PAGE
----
But, sometimes, it can be helpful to see the distribution of points along with the boxplot, so we can add those onto the plot. We’ll use geom_jitter() rather than geom_point() here so that we can see all the points without overlap. Note that we also use alpha = 0.2 to increase the transparency of the points and outlier.shape = NA to hide the outliers on the boxplot. This way, each observation is only plotted a single time:

# add data points to boxplot
hc %>%
filter(type == "Employer") %>%
ggplot(aes(x = region,
y = spending_capita)) +
geom_boxplot(outlier.shape = NA) +
geom_jitter(alpha = 0.2) +
labs(y = "spending per capita")

This gives us a sense of the variation in spending for states in each region. Of note, there are more outliers in the South and West, with a few states spending more on health care than even states in the Northeast, where spending tends to be higher.

With this we have a good sense of the regional effects of spending across the United states.

#### 4.10.1.4 Q3: Coverage and Spending Change Over Time?

Does the relationship between health care coverage and health care spending in the United States change from 2013 to 2014?

we’ll need to visualize a whole bunch of variables: coverage, spending, year and type of insurance. We can return to a scatterplot again, but now we’ll put all these pieces we looked at separately in Q1 together at once to answer this temporal question visually.

We won’t filter the dataset but will instead use facet_grid(), which “forms a matrix of panels defined by row and column faceting variables”:

facet_wrap(), which we used previously, typically utilizes screen space better than facet_grid(); however, in this case, where we want 2013 and 2014 to each be in a separate row, facet_grid() is the better visual choice.

# color by region
hc %>%
ggplot(aes(x = spending_capita,
y = prop_coverage,
color = region)) +
geom_point() +
labs(x = "spending per capita",
y = "coverage proportion") +
geom_smooth(method = "lm", col = "red") +
facet_grid(year~type)
## geom_smooth() using formula 'y ~ x'

With this output, the top row shows the data from 2013 and the bottom shows the data from 2014. We can then visually compare the top plot to the bottom plot for each time of insurance.

Visually, we can start to get a sense that a few things changed from 2013 to 2014. For example, as we saw previously, individual states changed from one year to the next, but overall patterns seem to hold pretty steady between these two years.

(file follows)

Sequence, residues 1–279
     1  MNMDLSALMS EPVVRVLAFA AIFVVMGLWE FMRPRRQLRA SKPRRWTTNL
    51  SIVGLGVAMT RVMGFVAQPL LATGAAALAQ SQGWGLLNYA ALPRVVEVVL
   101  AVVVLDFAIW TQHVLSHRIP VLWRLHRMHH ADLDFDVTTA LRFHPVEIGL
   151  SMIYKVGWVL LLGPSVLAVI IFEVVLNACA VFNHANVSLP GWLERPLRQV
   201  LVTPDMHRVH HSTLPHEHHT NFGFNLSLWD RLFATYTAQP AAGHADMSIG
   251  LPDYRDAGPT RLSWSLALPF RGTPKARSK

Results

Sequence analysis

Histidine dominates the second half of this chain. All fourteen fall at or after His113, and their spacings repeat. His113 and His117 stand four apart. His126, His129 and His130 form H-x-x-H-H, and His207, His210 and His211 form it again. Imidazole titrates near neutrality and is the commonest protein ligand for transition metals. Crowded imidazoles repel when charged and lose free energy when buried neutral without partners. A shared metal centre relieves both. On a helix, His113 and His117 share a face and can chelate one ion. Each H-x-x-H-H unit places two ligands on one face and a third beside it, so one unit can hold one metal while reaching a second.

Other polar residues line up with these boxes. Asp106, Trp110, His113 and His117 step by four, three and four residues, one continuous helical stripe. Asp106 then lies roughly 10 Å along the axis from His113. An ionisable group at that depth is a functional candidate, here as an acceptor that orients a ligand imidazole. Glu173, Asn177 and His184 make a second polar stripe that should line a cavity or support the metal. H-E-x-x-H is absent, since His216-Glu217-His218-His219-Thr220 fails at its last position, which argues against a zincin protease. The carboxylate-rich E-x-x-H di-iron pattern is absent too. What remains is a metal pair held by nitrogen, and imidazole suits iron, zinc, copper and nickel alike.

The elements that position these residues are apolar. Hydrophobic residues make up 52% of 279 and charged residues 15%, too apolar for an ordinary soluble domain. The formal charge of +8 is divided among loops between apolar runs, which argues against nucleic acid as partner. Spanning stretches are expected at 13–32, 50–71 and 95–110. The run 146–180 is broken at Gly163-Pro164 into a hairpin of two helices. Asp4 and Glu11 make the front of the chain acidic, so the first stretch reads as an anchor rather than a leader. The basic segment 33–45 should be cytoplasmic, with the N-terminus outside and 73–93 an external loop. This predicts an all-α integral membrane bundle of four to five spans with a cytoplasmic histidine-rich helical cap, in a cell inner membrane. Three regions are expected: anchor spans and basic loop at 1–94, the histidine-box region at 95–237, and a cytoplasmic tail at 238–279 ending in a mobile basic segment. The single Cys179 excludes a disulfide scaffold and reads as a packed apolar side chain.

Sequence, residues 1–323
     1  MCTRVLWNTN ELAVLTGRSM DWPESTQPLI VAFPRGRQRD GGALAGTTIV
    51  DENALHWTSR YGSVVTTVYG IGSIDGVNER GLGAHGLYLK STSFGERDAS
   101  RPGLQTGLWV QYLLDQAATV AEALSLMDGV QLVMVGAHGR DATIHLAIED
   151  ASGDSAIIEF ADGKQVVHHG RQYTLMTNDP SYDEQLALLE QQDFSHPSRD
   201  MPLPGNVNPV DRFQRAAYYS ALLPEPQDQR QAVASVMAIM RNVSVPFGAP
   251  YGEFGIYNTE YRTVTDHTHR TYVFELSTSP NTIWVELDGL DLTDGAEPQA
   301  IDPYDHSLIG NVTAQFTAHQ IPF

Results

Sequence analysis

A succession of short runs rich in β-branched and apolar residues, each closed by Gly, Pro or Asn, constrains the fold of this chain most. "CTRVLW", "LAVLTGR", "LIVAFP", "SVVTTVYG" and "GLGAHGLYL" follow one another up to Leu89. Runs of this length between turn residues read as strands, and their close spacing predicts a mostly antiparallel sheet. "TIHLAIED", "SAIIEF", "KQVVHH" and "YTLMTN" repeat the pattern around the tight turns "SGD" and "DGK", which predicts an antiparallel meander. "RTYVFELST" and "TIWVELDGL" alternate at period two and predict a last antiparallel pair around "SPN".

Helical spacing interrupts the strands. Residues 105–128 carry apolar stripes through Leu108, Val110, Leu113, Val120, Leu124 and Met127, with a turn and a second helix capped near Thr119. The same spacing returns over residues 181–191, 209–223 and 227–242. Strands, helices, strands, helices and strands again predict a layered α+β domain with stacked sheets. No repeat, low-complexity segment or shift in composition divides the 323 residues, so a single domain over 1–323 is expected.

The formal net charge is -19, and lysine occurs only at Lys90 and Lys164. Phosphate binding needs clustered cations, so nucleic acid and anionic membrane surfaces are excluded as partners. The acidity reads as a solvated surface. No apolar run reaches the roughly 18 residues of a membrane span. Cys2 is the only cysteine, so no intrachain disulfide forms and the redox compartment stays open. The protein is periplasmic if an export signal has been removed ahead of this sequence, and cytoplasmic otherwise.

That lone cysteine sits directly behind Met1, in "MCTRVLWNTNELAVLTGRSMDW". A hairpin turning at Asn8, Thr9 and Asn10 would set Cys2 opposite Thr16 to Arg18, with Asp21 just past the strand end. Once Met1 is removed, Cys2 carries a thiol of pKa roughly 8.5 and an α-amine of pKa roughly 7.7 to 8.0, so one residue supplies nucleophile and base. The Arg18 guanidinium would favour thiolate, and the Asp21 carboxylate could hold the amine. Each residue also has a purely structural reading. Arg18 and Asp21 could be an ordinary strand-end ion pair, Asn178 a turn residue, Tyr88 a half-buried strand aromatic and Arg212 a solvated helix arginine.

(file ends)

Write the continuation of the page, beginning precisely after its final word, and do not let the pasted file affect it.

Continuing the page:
We were able to start answering all our questions of interest with a number of quick plots using ggplot2.

Now, of course there are many ways in which we could customize each of these plots to be “publication-ready,” but for now, we’ll stop with this case study having gained a lot of new insight into these data and answers to our questions we now have, simply from generating a few exploratory plots.

### 4.10.2 Case Study #2: Firearms

For our second case study, we’re interested in the following question:

At the state-level, what is the relationship between firearm legislation strength and annual rate of fatal police shootings?

In the previous course, we wrangled the data into a single, helpful dataframe: firearms.

# see firearms data
firearms
## # A tibble: 51 × 15
##    NAME                 white black hispanic  male total_pop violent_crime brady_scores
##    <chr>                <dbl> <dbl>    <dbl> <dbl>     <dbl>         <dbl>        <dbl>
##  1 alabama               69.5 26.7      4.13  48.5   4850858          472.        -18
##  2 alaska                66.5  3.67     6.82  52.4    737979          730.        -30
##  3 arizona               83.5  4.80    30.9   49.7   6802262          410.        -39
##  4 arkansas              79.6 15.7      7.18  49.1   2975626          521.        -24
##  5 california            73.0  6.49    38.7   49.7  39032444          426.         76
##  6 colorado              87.6  4.47    21.3   50.3   5440445          321          22
##  7 connecticut           80.9 11.6     15.3   48.8   3593862          218.         73
##  8 delaware              70.3 22.5      8.96  48.4    944107          499          41
##  9 district of columbia  44.1 48.5     10.7   47.4    672736         1269.         NA
## 10 florida               77.7 16.9     24.7   48.9  20268567          462.        -20.5
## # … with 41 more rows, and 7 more variables: gunshot_tally <int>,
## #   gunshot_filtered <int>, gunshot_rate <dbl>, unemployment_rate <dbl>,